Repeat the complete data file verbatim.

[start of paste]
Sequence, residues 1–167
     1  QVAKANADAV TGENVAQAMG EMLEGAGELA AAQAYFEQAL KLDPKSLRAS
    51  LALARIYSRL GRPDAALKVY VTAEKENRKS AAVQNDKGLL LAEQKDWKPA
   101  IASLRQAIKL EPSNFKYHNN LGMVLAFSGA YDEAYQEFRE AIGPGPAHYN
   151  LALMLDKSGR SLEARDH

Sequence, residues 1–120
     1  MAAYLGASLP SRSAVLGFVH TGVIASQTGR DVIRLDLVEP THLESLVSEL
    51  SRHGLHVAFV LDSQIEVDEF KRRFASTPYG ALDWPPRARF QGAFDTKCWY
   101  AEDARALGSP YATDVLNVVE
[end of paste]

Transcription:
Sequence, residues 1–167
     1  QVAKANADAV TGENVAQAMG EMLEGAGELA AAQAYFEQAL KLDPKSLRAS
    51  LALARIYSRL GRPDAALKVY VTAEKENRKS AAVQNDKGLL LAEQKDWKPA
   101  IASLRQAIKL EPSNFKYHNN LGMVLAFSGA YDEAYQEFRE AIGPGPAHYN
   151  LALMLDKSGR SLEARDH

Sequence, residues 1–120
     1  MAAYLGASLP SRSAVLGFVH TGVIASQTGR DVIRLDLVEP THLESLVSEL
    51  SRHGLHVAFV LDSQIEVDEF KRRFASTPYG ALDWPPRARF QGAFDTKCWY
   101  AEDARALGSP YATDVLNVVE